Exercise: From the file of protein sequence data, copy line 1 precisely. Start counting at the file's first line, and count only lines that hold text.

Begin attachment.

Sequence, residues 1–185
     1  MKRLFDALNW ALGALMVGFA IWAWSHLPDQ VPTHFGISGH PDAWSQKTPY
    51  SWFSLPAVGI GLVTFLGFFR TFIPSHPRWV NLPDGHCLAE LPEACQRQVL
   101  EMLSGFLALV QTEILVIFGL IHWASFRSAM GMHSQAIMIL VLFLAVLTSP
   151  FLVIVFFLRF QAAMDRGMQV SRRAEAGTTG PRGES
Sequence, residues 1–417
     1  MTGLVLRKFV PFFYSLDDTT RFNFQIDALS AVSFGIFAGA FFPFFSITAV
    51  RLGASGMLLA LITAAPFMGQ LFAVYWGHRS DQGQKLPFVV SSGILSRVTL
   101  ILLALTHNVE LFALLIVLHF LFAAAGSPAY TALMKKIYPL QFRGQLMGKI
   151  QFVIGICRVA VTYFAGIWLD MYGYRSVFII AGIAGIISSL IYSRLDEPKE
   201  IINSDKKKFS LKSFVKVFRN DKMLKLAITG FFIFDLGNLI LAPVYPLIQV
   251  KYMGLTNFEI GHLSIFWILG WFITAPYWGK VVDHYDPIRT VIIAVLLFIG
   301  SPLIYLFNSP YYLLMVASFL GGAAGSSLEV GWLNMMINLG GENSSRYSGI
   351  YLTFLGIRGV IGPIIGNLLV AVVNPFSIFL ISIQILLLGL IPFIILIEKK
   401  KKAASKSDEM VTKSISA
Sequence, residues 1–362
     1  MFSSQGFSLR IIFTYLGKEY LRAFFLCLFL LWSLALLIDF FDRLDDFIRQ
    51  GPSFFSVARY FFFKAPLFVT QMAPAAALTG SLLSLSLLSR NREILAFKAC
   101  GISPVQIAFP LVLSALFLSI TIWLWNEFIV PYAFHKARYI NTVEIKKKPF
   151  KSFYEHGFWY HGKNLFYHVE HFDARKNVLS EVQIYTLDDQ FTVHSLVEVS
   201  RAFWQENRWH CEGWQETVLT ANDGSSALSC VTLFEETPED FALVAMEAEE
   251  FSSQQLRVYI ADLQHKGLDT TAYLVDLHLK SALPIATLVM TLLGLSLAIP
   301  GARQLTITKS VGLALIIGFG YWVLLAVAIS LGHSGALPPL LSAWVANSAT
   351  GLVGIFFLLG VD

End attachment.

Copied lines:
Sequence, residues 1–185